Values & Ethics - Through a Jewish Lens

Discussion Topics about Problem Solving

FREE WILL & DISCIPLINE…

TORAH PORTION: RE-EH

re-eh2All parents try to discipline their children. They have different methods, but generally parents are trying to influence their children to be moral and to behave appropriately. Imposing any kind of discipline rests on the assumption that children have free will. They can choose what is good and reap rewards, or choose what is bad and suffer the consequences.

In this week’s Torah portion, Re-eh, Moses tells his people: “See, I am setting before you today a blessing and a curse”. The people have a choice: they can obey the commandments and reap blessings, or they can fail to listen to the commandments and suffer. It is assumed by the Torah that people have freedom to choose and direct their own actions even when it is difficult to control their impulses.

Children have very powerful impulses. They want to have fun, they want to test limits, they want to feel that they are in control. They aren’t particularly interested in self-control. That is why a system of rewards and consequences is particularly important to shape children’s behavior over time. But how can parents figure out the right amount of discipline and the most effective methods? It’s important to find a balance between being overly strict and too permissive. Teach children to take responsibility for their own actions. Allow them to problem solve with you.

Be consistent in your responses to them. And, most importantly, allow them the freedom to make their own mistakes, the freedom that allows them to discover that their own actions lead them to reward or consequence. As they get older, their sense of self-discipline will grow, and hopefully they won’t need an external system of reward and punishment.

TALK TO YOUR KIDS about what it means to have free will.

CONNECT TO THEIR LIVES:

  • What kinds of choices are hard for you?
  • What have you learned from making a poor choice?
  • What helps you to make the best choices?
  • How do you respond when consequences do not fit the deed?

By Rabbi Dianne Cohler-Esses

Values & Ethics—Through a Jewish Lens is created by Fred and Joyce Claar to bring the wisdom of Judaism into family discussions.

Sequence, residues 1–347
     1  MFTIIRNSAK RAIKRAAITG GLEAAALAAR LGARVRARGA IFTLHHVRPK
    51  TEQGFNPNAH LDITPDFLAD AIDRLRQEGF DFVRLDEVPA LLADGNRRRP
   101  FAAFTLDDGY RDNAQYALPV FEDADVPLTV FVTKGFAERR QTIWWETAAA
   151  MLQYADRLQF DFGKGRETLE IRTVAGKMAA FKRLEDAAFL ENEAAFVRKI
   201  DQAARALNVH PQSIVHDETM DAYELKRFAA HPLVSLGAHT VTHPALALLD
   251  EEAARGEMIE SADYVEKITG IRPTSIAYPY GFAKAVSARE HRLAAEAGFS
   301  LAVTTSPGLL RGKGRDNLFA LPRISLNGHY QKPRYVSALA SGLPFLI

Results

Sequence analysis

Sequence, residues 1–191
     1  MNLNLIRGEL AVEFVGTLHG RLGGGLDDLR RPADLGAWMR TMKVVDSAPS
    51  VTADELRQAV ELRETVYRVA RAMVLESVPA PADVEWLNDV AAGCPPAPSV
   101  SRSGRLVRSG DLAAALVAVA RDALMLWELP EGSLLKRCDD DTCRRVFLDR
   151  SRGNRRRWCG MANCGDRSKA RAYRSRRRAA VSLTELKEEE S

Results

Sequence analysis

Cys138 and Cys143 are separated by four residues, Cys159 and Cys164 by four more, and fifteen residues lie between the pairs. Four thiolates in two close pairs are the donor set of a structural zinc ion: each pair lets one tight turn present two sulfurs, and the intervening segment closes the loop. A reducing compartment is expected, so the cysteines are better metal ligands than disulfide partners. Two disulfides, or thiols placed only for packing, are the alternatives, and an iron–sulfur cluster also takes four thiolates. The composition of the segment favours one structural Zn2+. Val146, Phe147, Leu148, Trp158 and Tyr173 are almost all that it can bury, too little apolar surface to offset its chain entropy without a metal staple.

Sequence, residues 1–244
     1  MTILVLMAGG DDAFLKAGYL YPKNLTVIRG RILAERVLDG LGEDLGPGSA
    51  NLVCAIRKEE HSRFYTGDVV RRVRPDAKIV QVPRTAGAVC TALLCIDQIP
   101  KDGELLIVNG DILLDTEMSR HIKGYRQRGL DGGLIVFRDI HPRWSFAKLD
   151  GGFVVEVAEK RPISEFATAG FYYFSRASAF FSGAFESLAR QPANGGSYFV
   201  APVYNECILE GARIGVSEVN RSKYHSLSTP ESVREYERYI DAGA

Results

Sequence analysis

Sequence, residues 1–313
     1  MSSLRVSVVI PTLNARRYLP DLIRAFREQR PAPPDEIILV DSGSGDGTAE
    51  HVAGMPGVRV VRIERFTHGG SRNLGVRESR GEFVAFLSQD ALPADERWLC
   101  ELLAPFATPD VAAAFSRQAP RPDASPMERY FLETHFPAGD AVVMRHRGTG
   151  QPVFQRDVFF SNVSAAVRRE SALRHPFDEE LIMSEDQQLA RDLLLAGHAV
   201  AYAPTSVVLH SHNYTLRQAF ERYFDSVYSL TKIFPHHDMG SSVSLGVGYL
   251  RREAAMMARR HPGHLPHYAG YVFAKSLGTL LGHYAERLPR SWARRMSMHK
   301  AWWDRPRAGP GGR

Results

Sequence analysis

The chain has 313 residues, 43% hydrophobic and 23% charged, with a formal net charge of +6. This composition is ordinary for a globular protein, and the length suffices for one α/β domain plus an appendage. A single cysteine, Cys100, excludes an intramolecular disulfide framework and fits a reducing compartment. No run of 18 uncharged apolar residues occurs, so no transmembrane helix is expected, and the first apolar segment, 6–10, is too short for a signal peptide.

TEMPTATIONS…

TORAH PORTION: BALAK

balak2It is hard to resist temptation. In order to do so, one must have a strong sense of right and wrong and be able to assess the situation rationally. Temptation exists everywhere in our world in varying degrees. Sometimes it comes in the question of an extra piece of dessert. Sometimes it is a less than honest way to get a better grade, and sometimes it takes even a more serious form. But there is always a price when we give in to temptation, and that price is transgressing one of our own values or ethics. In the case of the candy, it might be a promise to oneself to eat healthier, and in the case of the grades it is honesty.

In this week’s Torah portion, Balak, the Israelites are camped in the desert near the Midianites. The Israelites find themselves tempted in many ways by this foreign culture. They are drawn to their foreign food, their foreign gods, and their foreign women. They indulge their temptations, and it causes havoc in the community.

Our tradition and our lives are full of stories of temptation. People weaken for financial gain, or we become so absorbed in ourselves that we ignore people we care about. Whatever temptation lies on one end of the scale, there is a value that we hold dear on the other. It is important that we know what our values are so that we can make sure that they outweigh the temptations we encounter.

TALK TO YOUR KIDS about using their values to avoid temptation.

CONNECT TO THEIR LIVES:

  • What are some things that tempt you?
  • What do you do to resist those temptations?
  • Are their temptations that you give in to?
  • How do you decide which temptations are “OK” and which are not?

Values & Ethics—Through a Jewish Lens is created by Fred and Joyce Claar to bring the wisdom of Judaism into family discussions.

KEEPING THINGS IN PERSPECTIVE…

TORAH PORTION: SHELACH LECHA

shelach2Mishaps can happen to anyone. Whether it’s stubbing your toe as you get out of bed in the morning, or something more serious like forgetting your lunch at home, we all have our share of annoyances and challenges. The trick is to make sure we stay in charge of our reactions and not let a small mishap escalate to a full-blown crisis.

Our Torah portion, Shelach Lecha, recounts the story of the scouts sent by the Jews to check out the Land of Israel as they drew closer. The spies’ report was very unfavorable. In fact, they seemed to have perceived everything they saw negatively. This attitude rubbed off on the nation; instead of making a realistic evaluation of the report and planning accordingly, they mourned and lamented the fate they were sure awaited them. Their reaction brought about the tragic result of unnecessarily lengthening their stay in the desert by 39 years.